After the first cycle came and went I was disappointed. After the second my disappointment grew stronger. When cycle number three came and went I remember I sat down on the floor of the bathroom at work and cried. Hard. It felt as though my heart had been ripped from my chest and I could barely breath. I cried every last tear my body could produce and I wished so badly that my husband was there with me. I needed him to hold me and comfort me and give me the support and sympathy I desperately needed. Instead I had to endure the suffering all alone on the bathroom floor.

When you go through disappointment after disappointment it's hard to let yourself get your hopes up again. I made a special effort to keep my emotions in check because if I got too excited it only made it harder when things didn't work out. Unfortunately when you have a doctor and nurses telling you "you'll have no problem getting pregnant with this" all the time it made it a little hard. I confess I did get very excited when we moved on to Chlomid and an IUI. I wrote in my journal after the first IUI "it seems impossible for me not to get pregnant!" I mentally prepared myself that it would take more than one try so after the first cycle I wasn't too disappointed when I found out I wasn't pregnant. After the second it got harder. I was feeling very depressed again and sometime during these few months I started pulling away from God and my husband. I was bitter and upset and it was easier to be detached. I kept a pretty detailed journal through all of this but after the third cycle of Chlomid I stopped writing almost completely. It was too hard to even write about anymore. After the fourth I wrote "the next step is to do the IVF but we aren't ready for that. I feel like it would be better to hold off for a month or two so I can heal my mentally broken down state before we move on." It had been 2 years and 10 months and I needed a break. I was falling apart.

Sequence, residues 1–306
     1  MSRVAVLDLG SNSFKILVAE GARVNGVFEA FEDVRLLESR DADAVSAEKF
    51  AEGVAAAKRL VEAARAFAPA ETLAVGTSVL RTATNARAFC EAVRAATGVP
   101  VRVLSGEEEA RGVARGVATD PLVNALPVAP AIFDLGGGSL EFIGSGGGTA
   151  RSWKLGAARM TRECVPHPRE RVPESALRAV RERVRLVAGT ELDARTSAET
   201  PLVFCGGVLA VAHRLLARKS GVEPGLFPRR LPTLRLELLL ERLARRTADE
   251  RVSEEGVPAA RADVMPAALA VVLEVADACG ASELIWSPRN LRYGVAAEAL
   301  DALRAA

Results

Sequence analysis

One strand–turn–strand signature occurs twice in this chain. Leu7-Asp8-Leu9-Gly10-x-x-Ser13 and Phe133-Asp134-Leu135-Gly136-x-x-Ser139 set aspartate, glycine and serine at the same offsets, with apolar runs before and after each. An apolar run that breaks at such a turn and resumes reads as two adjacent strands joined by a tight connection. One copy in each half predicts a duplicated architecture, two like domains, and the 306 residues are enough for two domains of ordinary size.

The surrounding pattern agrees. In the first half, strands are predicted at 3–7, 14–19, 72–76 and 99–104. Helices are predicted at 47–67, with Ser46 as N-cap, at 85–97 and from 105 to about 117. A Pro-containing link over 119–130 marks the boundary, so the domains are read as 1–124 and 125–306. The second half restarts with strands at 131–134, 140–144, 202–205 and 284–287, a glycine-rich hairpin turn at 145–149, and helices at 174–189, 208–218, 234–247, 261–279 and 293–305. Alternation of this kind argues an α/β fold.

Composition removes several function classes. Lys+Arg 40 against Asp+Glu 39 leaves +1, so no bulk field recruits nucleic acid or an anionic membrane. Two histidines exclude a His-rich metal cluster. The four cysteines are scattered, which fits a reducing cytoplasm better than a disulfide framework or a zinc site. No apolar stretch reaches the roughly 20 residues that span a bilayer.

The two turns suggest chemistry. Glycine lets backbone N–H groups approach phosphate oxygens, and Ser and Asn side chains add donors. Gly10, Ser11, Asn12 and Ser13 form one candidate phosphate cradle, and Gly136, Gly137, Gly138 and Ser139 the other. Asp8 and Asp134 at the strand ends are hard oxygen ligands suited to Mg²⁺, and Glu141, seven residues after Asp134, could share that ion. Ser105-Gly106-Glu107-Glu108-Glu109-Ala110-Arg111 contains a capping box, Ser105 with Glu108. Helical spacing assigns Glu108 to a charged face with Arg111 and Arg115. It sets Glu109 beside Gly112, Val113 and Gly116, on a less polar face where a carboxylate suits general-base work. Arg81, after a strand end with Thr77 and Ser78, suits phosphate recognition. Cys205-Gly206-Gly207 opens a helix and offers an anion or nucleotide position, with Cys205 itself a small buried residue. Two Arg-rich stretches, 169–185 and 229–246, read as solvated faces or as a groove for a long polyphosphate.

**Be sure to come back Friday to read my happily ever after. **


Amy said...

Infertility is one of the toughest things I've ever had to endure. My time has been short compared to yours and other women I know but when you want a baby more than you want your next breath each month feels like another 100 years. On the other hand I've learned more in the past year than I did during my entire 18 months as a missionary. It's so true that the harder the trials the greater the blessings. Especially in this case. Maybe that's why infertility is so hard because when overcome (whether in this life or the next) the blessings of a baby are more than amazing than anything else.

Sally said...

I'm glad you decided to share this because I think it's important not only for women who are experiencing the same thing to know what they are feeling is normal, but also for women who have never had to deal with infertility to understand a little better what it is like and how to support frinds or family that may be dealing with it.

Kate said...

Loved reading this. I have friends that tell me they're sad when they don't get pregnant after a few months and then they apologize to me because they think for some reason it shouldn't be hard compared to my situation... but I always tell them, 3 months - 5 years. When you want a baby and you can't seem to get one, it's hard no matter what! It's interesting to read other people's stories. Thanks for sharing yours. and feel free to link back to mine like you wanted!

Camille said...

I don't know how I found your blog but I am glad I have. I was able to get pregnant with one before my endometriosis took over and have gone through much of what you have described. (The emotions and everything) I am excited for the next part to see what the secret for you was. Thanks for sharing